Wednesday, May 18, 2016

Cat Tales on Hard, Crew in Canada




Well, it was a whirlwind after St. Georges, mostly involving the work of decommissioning the boat and putting it away.

We managed a few meals with friends, a second HASH (walk/run), and a cooking demonstration, though.  Interestingly, the cooking demonstration at True Blue resort turned out to be about cooking conch, so we have finely tuned our cooking conch protocol, and are ready for next year.  We'll save you from the rest, however.

Haulout on May 4th went well at Spice Island Marine in Grenada. The work on the water and in the boatyard was difficult for us; and we put in very long days.  It was not too bad with evenings in air conditioned comfort at our little room at Cool Running Apts. 

Laurie's birthday was celebrated at Timbers with friends for a lovely meal out after a hot and sweaty workday on the boat!  Timbers is the restaurant in the boatyard, only a 5 minute walk from our rented apartment.

The flight home on May 9th was also comfortable and without significant event, although customs and security lineups in Toronto were outrageous, and we had to stay over one night in Toronto unexpectedly  due to a flight change. 

All was found to be well at the cottage, with no failures or problems with any systems or the structure.  As well, as a result of a rather mild winter, we found all our friends to be in good spirits.  A special thanks to Hugh and Liz who checked on our place and picked up our mail for 6 months!  Laurie has been thrown into the chores at the cottage and within the neighbourhood, and Dawn is setting up to assist Jean, her mother, in a major move from condo to retirement home.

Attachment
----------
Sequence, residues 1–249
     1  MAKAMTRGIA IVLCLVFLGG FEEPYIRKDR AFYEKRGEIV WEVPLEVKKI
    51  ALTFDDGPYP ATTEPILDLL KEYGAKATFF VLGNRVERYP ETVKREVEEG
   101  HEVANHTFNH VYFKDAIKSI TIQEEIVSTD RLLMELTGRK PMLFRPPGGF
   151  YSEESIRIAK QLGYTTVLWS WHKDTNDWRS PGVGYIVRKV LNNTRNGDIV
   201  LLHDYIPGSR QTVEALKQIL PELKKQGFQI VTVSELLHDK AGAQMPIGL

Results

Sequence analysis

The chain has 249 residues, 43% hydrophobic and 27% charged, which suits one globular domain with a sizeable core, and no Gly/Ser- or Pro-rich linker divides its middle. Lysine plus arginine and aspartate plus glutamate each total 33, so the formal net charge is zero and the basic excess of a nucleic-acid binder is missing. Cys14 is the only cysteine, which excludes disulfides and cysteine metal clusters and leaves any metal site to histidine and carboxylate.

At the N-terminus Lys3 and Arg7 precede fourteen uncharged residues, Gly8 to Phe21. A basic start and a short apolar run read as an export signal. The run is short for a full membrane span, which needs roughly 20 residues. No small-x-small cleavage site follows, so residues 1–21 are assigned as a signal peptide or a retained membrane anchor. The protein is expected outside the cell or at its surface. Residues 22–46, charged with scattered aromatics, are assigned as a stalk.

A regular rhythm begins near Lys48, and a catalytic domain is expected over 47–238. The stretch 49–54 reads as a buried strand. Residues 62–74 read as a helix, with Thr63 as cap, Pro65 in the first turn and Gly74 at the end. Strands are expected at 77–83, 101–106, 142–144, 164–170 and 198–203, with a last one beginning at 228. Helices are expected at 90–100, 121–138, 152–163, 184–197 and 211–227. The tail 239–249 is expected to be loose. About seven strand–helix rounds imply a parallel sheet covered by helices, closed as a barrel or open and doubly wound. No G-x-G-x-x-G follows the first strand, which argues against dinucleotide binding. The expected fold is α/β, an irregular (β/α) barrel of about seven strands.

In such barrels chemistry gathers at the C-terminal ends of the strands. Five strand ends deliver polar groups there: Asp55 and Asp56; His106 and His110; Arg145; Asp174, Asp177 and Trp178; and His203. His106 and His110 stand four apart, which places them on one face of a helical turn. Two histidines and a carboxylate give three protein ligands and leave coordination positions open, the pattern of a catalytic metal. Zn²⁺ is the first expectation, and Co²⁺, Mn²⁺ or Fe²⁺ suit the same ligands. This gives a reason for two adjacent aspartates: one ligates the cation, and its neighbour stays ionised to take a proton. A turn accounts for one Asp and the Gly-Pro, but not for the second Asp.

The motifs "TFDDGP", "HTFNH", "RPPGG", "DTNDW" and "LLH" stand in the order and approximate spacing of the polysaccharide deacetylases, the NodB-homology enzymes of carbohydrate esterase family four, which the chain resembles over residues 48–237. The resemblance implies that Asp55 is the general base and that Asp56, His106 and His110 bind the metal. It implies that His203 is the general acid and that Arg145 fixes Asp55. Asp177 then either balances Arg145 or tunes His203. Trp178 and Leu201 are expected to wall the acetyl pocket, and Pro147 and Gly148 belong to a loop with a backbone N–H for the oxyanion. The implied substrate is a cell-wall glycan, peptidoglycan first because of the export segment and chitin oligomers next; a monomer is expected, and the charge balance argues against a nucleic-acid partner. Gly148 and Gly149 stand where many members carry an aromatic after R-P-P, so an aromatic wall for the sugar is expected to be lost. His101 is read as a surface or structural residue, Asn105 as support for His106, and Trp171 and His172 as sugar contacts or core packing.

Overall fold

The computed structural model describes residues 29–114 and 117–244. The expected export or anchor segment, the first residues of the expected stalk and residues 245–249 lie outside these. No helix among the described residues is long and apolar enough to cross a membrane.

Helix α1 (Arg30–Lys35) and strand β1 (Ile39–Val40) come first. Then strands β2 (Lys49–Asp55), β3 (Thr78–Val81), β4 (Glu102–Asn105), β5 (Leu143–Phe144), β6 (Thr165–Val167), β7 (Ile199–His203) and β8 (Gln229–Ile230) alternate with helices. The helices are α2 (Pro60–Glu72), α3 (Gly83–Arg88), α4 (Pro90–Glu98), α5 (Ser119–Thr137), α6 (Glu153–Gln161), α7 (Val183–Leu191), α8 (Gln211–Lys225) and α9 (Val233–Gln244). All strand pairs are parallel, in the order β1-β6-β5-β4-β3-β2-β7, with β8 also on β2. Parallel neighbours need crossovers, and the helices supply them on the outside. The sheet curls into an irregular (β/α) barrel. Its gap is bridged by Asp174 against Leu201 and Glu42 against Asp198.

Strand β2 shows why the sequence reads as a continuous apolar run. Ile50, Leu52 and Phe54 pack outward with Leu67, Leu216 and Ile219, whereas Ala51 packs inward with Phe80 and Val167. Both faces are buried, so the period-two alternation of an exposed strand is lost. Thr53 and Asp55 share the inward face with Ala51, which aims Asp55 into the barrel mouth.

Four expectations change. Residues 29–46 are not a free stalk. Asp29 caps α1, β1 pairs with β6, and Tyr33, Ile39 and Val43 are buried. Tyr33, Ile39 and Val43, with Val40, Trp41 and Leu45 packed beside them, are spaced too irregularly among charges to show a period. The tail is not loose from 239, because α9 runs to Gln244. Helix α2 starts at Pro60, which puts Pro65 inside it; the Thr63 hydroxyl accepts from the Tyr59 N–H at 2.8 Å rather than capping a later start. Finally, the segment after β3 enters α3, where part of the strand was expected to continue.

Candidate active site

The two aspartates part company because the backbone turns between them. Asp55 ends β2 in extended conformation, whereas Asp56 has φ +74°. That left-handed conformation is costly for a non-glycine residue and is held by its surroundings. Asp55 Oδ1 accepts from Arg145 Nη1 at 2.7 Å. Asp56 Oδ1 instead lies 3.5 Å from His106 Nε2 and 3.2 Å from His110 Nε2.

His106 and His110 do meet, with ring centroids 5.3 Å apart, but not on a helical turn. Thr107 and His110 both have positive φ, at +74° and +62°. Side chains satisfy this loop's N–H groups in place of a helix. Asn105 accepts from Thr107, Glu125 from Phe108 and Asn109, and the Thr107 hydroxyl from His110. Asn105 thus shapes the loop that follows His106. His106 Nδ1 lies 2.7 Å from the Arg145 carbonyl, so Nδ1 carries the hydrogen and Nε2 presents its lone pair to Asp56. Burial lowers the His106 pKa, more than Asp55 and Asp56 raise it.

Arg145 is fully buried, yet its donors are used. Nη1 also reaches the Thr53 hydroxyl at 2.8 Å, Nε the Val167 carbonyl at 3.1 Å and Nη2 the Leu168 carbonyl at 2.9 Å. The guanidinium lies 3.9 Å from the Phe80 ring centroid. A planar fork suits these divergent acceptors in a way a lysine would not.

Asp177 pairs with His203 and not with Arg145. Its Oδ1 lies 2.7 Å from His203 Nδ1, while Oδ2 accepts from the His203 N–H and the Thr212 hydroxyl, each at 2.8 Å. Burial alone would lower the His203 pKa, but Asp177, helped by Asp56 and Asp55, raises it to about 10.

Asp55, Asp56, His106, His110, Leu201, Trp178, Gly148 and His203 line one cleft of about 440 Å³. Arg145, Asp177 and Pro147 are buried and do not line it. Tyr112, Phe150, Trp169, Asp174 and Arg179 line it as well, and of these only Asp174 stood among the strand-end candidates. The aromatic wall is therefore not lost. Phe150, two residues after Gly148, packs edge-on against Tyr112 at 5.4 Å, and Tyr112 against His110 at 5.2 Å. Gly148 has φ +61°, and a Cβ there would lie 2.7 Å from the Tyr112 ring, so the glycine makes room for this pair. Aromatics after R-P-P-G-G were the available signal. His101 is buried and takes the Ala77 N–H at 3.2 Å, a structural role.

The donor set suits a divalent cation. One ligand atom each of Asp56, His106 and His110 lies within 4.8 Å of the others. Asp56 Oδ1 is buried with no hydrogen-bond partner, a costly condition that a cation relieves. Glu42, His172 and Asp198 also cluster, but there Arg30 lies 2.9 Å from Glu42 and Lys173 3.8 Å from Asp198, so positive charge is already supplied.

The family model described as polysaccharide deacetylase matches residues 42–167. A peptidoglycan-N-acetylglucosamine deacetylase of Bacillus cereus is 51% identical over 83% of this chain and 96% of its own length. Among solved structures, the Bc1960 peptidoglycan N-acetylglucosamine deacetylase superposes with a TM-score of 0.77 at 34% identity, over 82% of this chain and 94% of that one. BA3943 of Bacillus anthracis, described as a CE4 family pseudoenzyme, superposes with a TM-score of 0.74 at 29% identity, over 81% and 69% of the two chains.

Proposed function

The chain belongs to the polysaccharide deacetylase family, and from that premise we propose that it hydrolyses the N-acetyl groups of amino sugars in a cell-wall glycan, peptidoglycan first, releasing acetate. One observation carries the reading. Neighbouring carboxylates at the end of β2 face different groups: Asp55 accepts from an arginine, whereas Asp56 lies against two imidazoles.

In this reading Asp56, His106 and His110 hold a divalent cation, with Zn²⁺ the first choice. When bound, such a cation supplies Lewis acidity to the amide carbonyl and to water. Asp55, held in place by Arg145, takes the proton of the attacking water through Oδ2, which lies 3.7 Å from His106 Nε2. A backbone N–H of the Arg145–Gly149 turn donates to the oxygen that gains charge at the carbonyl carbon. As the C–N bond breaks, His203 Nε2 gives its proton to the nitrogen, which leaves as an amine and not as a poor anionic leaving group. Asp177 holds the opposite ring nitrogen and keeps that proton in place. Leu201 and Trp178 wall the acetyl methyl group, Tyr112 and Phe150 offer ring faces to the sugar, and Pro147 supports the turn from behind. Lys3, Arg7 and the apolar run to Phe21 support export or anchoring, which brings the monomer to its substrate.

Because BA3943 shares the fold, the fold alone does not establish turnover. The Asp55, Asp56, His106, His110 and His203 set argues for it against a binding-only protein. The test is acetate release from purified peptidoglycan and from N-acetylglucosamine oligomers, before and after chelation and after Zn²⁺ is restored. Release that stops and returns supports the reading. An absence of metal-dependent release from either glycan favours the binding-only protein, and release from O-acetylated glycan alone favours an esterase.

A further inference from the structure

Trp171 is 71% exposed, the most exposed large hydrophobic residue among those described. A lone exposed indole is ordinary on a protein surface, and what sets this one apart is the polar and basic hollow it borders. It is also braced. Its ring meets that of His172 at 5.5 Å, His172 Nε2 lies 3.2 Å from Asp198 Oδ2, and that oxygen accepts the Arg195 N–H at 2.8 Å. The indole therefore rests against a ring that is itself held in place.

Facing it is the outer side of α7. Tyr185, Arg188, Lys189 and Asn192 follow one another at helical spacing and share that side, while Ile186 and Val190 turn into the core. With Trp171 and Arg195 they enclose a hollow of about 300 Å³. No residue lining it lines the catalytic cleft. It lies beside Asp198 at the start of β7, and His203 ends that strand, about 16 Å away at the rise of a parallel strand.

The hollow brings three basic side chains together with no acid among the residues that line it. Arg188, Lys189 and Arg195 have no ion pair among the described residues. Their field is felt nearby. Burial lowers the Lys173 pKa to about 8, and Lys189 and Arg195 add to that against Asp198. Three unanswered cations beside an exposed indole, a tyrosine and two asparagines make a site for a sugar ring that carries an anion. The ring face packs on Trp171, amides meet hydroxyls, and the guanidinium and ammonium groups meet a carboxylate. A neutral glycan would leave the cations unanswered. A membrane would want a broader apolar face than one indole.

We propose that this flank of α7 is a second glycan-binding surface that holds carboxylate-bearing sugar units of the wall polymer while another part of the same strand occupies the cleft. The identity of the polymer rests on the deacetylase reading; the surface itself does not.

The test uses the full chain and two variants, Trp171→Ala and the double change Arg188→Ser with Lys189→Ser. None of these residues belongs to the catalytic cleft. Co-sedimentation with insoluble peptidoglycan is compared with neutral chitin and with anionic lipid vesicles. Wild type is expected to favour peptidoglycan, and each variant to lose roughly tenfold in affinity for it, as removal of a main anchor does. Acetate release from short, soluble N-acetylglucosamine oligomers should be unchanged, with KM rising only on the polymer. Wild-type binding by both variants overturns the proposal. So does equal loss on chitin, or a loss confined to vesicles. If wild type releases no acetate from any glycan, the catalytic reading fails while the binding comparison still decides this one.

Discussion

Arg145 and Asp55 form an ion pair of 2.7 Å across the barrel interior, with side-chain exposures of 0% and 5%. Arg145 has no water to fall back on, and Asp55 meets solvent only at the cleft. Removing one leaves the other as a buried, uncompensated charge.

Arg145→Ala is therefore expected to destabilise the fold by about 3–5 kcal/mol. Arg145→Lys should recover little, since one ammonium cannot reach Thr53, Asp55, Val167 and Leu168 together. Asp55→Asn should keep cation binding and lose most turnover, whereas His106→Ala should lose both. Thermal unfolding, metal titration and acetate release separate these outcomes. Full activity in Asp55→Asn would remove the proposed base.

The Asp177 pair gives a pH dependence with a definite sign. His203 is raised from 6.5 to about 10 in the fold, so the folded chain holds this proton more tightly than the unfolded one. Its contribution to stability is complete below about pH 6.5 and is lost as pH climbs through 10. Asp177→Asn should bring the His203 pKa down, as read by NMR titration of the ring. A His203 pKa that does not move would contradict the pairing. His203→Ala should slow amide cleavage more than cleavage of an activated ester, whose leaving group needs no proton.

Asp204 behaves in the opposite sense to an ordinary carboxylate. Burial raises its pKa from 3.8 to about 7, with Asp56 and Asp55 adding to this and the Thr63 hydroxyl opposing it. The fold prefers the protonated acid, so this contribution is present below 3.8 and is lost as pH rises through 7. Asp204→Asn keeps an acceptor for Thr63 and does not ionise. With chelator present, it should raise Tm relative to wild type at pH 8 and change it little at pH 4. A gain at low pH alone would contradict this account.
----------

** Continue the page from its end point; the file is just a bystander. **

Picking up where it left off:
TECHNICAL
Poor Laurie in over 40 degree temperatures on his birthday!
 The big story with the boat was the changing out of the old diaphragms in the saildrives.  The diaphragms keep the sea out of the boat while allowing the engine and drive leg to vibrate and move.  The primary one is a very heavy piece of reinforced rubber in a disc with a hole for the leg, held in place against the hull by the bolts of a retaining ring, and against the saildrive by being sandwiched between the upper and lower assembly of the leg and related transmission.  The secondary one is a thinner rubber membrane held onto the upper portion of the retaining ring and the upper portion of the transmission by special steel rings not unlike giant hose clamps.  Between these is a screwed in sensor that tells if one or the other has allowed water into the interstitial space.

Removing these suckers was hard work, involving the unbolting of the engine from the saildrive and moving it forward (onto bits of lumber scrounged in the boatyard), the complete removal of the saildrive, and the dismantling of the saildrive on a scrounged table under the boat.  It was heavy, hot, dirty, hard work; and I am proud that we were able to do it.

Now here is the bad part.  There is no difference in the new and old diaphragms.  I could wipe off the old ones and sell them as new, even though they are 20 years old.  The manufacturer said they should have been replaced 15 years ago, but in fact there seems to be little known history of failure from fatigue.  So there we are, a job done well that maybe shouldn't have been done at all.